MPCC Graphic Design teacher Becky Meyers retiring

Becky Meyers
Thursday, May 9, 2024

In the fall of 2005, Mid-Plains Community College launched its new graphic design program with then part-time instructor Becky Meyers. This week the portfolio work of her final group of graduating students are on display, along with work by first-year students in the Wrightstone Fine Arts Gallery. She is retiring at the end of this semester.

She is a McCook High School and MCC graduate. She received her bachelor’s and master’s degree from Kearney. After working for an advertising agency in Colorado, she moved back to McCook where she did free-lance graphic design, and taught art for 12 years in Bartley and worked in the advertising side of the family business, Samway Floor Covering and Furniture before developing the graphic design program at Mid-Plains Community College.

With the encouragement of Dr. Tubbs and many members of the community Meyers was at the forefront of helping create the graphic design program which began in the fall of 2005. One of the things that helped make MPCC’s graphic design program stand apart from others was the inclusion of a business component.

“Considering my own education and work in the field of graphic design, I felt that was one thing that was lacking in my education was business courses,” she said.  

It didn’t take long before MCC students were not only keeping pace with students in four-year colleges and universities, they regularly out-performed them in state and national competitions in Phi Beta Lambda, now known as FBLA Collegiate. MCC students brought home numerous awards including first place awards in the areas of desktop publishing, animation and video editing.

In 2013, Meyers was named the 2013 Dr. Gene A. Budig Outstanding Faculty Award winner at MCC. 

Until the fall of 2013, the program was simply referred to as “graphic design” but over the years that didn’t accurately reflect the comprehensive skills the students were learning at MCC.

“Many people view graphic design from a narrow perspective, but most businesses needed employees who provided a broader value,” said Meyers. “Our program provided a broad employment base for students. Advertising agencies and print companies were not the only places where students could look for jobs.”

While the curriculum didn’t change the program name changed to better reflect its content— it became Graphic Design/Visual Communications in 2013.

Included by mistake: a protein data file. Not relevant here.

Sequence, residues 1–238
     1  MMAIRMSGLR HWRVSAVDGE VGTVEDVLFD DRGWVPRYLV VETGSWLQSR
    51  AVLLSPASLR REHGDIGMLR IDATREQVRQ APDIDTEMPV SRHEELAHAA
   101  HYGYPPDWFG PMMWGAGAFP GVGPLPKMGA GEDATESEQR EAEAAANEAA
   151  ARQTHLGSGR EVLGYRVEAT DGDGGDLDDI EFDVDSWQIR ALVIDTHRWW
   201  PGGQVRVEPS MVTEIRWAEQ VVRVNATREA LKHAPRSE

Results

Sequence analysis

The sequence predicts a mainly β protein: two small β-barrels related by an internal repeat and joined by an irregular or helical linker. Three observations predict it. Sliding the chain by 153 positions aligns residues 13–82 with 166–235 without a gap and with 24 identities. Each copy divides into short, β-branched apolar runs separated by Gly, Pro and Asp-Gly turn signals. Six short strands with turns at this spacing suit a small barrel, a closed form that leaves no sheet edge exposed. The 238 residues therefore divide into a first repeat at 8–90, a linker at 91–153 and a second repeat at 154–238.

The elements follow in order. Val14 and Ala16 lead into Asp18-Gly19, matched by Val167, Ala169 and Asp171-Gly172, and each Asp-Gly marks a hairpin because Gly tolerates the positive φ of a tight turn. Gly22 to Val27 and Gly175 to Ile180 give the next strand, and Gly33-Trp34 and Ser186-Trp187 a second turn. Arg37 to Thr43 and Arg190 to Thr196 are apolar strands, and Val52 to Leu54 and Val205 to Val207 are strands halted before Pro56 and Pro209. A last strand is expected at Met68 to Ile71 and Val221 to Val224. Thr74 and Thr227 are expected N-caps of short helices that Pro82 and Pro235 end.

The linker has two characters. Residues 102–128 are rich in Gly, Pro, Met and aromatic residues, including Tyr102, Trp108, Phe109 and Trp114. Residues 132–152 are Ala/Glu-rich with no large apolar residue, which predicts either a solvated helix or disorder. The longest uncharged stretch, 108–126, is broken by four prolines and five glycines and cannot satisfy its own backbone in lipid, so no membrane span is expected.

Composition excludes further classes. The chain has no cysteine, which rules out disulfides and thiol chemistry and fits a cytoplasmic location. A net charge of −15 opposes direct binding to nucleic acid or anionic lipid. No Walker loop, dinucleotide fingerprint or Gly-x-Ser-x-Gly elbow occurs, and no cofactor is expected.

“Yes we did have print design classes but our students also took video, 3D and animation classes, web design and business classes,” said Meyers.

Many of her former students are working for businesses where they are the lone designer responsible for all these areas of graphic design.

“When we added ‘Visual Communications’ to the program title it better defined our students’ skills and provided more opportunities for our students in the job market,” said Meyers.

The Graphic Design/Visual Communications program has constantly evolved with technology changes, but so too did the nature of graphic design. For many years, businesses used advertising agencies to do graphic design work but that changed with technology advances as more companies started hiring their own in-house designers.

“I’ve had students with job offers and taking design jobs with manufacturing companies, retailers, schools, large churches, and other organizations. Others have moved on using their broad base of design skills for self-employed ventures,” she said.

The college later refined and developed a two-plus-two partnership with the University of Nebraska-Omaha in which MPCC students could take two years at MCC or North Platte and receive their associate degree with program certifications that would transfer to UNO for their bachelor’s degree in another two years.

In addition to MPCC students getting experience working for community businesses, they have also put their skills to work for the college in the form of animations and print holiday cards, videos, and promotional materials such as the covers for the student planners.

Meyers said that the graphic design/visual communications field is such an open-ended field that it gives students the chance to realize where their passion is, and the variety of classes gives students the opportunity to discover their passion. Some students enjoy all areas in visual communication, so they take a job where they can have that variety, others prefer to specialize in a particular area of design.

While technology has always been an important component of the program Meyers said changes are now happening at a spiraling rate. As the lone instructor of the graphic design courses in the program she has taught students in person at both McCook and North Platte.

She’s looking forward to spending more time with her husband Ken. Currently most of her evenings and weekends are spent preparing for classes, keeping up with changes in software, or grading projects.

“The difficult part about retiring is that in a program like this I’m always going to have those first-year students I’ll miss for their second year,” she said.

One of the first adventures that she and her husband plan to take is to head to Washington D.C. again.

She plans to visit former student Jessica Epting who is currently a visual information specialist at the Library of Congress.

“We haven’t been to D.C. since Jessica started working there,” she said. “It will be great to see her again and I’m excited to see the book design that she is working on for the new exhibit that will open in June.”